I visited the oldest barber shop in Madrid this morning. It had been some time since my last visit and my hair was unkempt.
Previously, Rafael had been forthcoming in his prescription: "You need to get rid of all this," he had counseled, kneading my shaggy mane with a splayed claw, "...you've got thick, really thick, hair at the back and on the sides, and since you're bald on top it makes your head look deformed."
This time I was spared: today was not a day to waste on the fripperies of my deformities; Rafael had weightier matters on his mind. "Plastic surgery, silicon, face lifts, it's all lies. Artificial breasts aren't my thing, I like my women all natural."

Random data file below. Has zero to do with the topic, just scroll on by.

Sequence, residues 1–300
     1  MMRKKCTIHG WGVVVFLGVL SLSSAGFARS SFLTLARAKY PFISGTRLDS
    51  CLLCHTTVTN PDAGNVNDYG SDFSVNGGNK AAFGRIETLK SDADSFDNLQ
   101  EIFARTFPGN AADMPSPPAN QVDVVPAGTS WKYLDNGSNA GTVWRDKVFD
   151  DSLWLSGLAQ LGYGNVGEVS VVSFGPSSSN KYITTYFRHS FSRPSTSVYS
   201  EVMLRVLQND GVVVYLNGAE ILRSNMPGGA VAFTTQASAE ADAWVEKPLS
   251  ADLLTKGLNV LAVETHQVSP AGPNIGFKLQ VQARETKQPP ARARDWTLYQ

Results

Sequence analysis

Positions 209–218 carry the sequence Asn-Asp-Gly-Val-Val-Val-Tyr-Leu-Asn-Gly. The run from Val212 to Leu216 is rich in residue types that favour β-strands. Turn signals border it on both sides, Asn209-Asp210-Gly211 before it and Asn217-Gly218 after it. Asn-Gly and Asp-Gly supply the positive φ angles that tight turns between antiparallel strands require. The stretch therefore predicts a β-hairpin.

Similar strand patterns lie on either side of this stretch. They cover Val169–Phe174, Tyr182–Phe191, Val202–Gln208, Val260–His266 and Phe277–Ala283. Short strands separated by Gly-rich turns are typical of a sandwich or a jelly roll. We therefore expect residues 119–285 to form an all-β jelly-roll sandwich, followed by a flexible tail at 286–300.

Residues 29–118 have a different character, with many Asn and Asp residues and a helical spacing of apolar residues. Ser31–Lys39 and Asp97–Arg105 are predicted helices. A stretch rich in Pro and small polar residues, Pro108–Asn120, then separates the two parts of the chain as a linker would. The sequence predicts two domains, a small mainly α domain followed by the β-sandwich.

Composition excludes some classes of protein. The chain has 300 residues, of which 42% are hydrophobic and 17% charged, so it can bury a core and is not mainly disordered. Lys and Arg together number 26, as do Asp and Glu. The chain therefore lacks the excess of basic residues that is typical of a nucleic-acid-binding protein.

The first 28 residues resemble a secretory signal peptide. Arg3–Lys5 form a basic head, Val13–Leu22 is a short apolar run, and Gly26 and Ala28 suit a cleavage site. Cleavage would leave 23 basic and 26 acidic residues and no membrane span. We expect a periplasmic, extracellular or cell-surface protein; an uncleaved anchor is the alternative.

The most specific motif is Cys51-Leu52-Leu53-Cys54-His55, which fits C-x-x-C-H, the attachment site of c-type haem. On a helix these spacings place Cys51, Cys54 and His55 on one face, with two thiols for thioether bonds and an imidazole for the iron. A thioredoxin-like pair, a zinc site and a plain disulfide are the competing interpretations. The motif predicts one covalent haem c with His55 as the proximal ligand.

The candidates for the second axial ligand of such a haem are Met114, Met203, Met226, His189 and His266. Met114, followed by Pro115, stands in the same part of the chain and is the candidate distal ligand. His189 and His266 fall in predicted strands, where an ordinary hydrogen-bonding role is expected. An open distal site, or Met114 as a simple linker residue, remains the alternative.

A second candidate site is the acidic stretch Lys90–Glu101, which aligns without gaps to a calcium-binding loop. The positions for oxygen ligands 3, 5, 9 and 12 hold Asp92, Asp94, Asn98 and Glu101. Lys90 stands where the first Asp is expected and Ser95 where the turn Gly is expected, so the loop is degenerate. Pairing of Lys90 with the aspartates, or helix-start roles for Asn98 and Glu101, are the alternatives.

In the mirror, an old man solemnly agreed. His face was like oak and his hair was the colour of dye.
"Money. If you've got money you're the smartest, best-looking, funniest man in the world."
Rafael fell silent for a moment as he trimmed the hair off the tops of my ears. Then his discourse continued, "but really, there are only two things that matter in this world: life..." The snipping stopped as Rafael lifted his gaze to look me straight in the eye through the mirror.
I heard a croak behind me: the oldest patron of the oldest barbershop in Madrid was finishing Rafael's sentence, "...and death."